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“Are the fishes still alive?” (No one tell these homeschooled kids that they can’t ask a million questions. They learned more about fishing than the quieter kids who also happened upon the scene. The dock worker didn’t mind answering questions.)

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“Want to touch my bloody hand?” he teased.

Um. No.

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But we will pick up the middle part of a dead crab’s body and put it in our pocket with the small barnacle mom found in the seaweed for us.

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And we will pick up a branch that washed ashore, tangled in rotting seaweed, and wave it around at everyone.

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The practical child just lobs rocks into the sea.

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I thought this was funny.

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We also did a little walking near Beluga Lake, a small man-made lake at the end of Homer Airport. Beluga Lake serves as an extension of the airport and the floating docks are for float planes, not boats. A person can charter a float plane for a “bear sight-seeing trip.” One can hope to see a “brown” bear or a “black” bear. No one calls brown bears by the name we use in the Lower 48: Grizzly.

Noone had to explain the difference to me, either. I figured out that tid-bit all by myself. I have no desire to see an Alaskan Brown Bear. I had my own Grizzly Bear experience when I was ten years old and we were visiting Yellowstone National Park. It was enough for a life time.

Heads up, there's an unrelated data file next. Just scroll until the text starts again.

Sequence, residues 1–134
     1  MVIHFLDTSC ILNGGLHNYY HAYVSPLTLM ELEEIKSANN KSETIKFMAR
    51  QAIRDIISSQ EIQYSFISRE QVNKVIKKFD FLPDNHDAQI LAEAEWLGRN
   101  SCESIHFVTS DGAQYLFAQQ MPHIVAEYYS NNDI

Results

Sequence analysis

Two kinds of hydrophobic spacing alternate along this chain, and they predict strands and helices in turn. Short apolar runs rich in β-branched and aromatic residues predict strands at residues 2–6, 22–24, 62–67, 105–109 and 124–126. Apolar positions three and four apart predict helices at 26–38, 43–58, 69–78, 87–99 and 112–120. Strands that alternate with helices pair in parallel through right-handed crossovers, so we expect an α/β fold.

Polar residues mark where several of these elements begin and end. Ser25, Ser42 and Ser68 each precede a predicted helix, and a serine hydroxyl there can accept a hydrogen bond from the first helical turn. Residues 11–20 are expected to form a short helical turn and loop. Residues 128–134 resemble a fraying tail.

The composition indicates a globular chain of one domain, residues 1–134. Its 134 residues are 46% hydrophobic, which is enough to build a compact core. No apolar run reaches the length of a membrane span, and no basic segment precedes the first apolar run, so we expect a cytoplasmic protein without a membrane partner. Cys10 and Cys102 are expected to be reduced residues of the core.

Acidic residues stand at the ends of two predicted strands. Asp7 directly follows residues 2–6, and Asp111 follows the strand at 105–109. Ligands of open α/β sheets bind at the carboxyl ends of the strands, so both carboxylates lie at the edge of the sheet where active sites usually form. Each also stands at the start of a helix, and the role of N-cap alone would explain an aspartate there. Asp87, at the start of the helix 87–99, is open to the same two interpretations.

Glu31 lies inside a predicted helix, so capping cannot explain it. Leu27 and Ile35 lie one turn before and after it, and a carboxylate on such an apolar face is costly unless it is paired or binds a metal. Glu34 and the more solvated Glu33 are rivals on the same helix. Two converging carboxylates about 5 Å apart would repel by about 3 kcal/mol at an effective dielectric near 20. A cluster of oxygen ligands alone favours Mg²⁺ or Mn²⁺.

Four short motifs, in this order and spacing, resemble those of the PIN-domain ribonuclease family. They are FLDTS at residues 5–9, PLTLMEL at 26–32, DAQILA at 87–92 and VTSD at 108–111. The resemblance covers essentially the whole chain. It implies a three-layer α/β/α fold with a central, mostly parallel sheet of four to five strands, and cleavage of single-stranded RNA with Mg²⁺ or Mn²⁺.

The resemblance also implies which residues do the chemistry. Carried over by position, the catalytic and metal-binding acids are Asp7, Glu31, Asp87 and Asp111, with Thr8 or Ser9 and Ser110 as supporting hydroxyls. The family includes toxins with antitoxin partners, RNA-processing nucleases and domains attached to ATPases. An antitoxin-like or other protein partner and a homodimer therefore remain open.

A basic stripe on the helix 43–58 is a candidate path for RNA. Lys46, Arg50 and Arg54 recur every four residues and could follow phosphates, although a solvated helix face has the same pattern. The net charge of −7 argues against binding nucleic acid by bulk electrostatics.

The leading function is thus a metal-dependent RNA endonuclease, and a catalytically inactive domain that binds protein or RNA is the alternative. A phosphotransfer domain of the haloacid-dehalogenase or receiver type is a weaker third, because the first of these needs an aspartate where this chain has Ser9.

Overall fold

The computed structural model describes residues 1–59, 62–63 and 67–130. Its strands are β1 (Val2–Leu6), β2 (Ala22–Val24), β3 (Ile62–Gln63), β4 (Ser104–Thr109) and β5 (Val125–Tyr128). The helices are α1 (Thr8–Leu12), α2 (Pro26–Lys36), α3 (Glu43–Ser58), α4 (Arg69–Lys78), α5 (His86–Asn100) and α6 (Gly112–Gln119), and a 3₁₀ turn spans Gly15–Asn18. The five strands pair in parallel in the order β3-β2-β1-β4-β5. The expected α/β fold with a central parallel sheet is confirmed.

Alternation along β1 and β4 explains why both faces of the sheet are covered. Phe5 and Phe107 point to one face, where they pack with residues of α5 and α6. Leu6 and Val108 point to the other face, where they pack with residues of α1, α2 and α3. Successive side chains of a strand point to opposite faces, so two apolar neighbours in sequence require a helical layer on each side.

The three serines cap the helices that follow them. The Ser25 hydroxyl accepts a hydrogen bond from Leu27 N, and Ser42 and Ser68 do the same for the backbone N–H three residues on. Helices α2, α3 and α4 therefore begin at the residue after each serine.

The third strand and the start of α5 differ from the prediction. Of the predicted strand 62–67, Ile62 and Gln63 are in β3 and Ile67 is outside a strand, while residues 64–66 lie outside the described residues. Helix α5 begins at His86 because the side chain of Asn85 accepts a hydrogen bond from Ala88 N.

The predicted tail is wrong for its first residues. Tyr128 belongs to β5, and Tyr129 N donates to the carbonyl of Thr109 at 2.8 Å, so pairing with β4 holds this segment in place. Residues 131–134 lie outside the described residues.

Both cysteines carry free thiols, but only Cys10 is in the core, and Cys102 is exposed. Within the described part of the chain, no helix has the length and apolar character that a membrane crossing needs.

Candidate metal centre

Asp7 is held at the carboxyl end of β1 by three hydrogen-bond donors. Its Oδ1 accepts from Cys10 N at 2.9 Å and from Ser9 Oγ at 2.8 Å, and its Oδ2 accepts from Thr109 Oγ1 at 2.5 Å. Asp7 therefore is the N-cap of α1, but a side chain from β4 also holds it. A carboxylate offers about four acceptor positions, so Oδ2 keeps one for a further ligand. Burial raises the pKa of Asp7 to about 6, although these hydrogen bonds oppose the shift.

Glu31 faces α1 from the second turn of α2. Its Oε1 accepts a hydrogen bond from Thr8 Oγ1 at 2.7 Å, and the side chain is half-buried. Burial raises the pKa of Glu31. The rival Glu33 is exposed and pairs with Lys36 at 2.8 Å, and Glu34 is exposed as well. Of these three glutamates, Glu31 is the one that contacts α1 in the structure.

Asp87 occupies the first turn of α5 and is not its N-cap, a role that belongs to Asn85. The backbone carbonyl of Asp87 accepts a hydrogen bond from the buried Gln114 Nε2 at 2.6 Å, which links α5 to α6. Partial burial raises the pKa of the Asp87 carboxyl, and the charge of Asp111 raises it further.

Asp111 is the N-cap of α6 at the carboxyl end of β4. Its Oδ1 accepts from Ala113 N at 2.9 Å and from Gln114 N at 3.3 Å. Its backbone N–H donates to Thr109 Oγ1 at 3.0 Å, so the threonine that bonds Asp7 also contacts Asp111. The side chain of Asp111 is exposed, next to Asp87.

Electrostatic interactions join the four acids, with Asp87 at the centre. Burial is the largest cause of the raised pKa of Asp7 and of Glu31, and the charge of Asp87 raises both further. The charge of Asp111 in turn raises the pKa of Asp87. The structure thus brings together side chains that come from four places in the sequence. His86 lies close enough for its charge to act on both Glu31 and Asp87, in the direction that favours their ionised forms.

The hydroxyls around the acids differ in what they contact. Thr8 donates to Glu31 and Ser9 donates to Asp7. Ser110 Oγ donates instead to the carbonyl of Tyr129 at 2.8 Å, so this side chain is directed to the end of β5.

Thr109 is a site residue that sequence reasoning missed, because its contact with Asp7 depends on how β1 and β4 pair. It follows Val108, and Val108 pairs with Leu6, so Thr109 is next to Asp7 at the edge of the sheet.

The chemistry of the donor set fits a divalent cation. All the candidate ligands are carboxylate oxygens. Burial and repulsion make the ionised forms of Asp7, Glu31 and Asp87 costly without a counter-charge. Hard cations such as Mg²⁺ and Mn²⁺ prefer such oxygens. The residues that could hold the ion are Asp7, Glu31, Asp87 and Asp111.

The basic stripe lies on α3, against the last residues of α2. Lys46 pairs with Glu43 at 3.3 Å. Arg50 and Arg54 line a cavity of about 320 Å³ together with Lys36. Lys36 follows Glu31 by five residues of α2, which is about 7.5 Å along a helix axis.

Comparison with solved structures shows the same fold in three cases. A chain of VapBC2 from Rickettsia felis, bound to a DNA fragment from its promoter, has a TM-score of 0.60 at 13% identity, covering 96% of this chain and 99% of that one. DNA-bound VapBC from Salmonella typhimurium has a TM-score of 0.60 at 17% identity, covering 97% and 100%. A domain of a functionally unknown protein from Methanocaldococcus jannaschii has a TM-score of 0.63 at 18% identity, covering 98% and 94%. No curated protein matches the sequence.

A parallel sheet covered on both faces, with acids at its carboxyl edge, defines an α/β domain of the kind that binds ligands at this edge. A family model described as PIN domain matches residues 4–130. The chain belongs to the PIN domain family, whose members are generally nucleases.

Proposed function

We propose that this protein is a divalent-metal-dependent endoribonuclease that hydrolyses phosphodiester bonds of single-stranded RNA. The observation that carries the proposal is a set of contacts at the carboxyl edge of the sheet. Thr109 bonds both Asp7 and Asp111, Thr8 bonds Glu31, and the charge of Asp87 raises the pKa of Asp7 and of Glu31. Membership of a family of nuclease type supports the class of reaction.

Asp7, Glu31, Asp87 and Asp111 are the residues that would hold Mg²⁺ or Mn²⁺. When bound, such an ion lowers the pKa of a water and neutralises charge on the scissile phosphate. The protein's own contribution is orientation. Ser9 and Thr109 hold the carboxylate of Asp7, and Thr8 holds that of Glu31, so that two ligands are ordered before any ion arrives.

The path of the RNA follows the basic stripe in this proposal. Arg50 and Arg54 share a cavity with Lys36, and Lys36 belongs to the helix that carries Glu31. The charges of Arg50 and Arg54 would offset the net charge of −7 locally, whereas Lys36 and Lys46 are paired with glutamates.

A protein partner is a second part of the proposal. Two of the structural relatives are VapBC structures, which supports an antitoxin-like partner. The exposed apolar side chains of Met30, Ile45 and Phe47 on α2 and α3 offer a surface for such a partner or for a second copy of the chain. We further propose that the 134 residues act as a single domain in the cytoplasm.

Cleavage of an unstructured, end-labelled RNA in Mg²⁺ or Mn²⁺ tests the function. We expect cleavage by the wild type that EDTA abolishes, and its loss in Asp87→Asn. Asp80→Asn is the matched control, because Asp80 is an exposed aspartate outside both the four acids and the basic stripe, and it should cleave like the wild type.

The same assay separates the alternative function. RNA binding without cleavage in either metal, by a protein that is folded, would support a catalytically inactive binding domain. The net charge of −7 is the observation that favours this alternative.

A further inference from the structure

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This is “the jungle” near Beluga Lake. No, I don’t get it, either. Everywhere, the land is covered with horsetail, cow parsley, sedges, wild lupins – and this bare spot of forest on a rock has been dubbed “the jungle” by my grandsons.

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“Come on, Grandma! There’s mushrooms up here! And stairs!” (tree roots that create the illusion of a stairway)

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Our last tourist stop was the Islands and Oceans Visitor Center and the Beluga Slough Trail.

There’s an interpretive center inside that takes you through a brief history of the peninsula and the occupation of the Japanese during WW2. The Japanese held the island of Kiska in the Aleutians during the Great War. The damage to the ecosystem and subsequent conservation work is chronicled throughout the center.

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Javan loved the interactive nest displays, particularly this one of the Puffins. “There’s eggs in there.”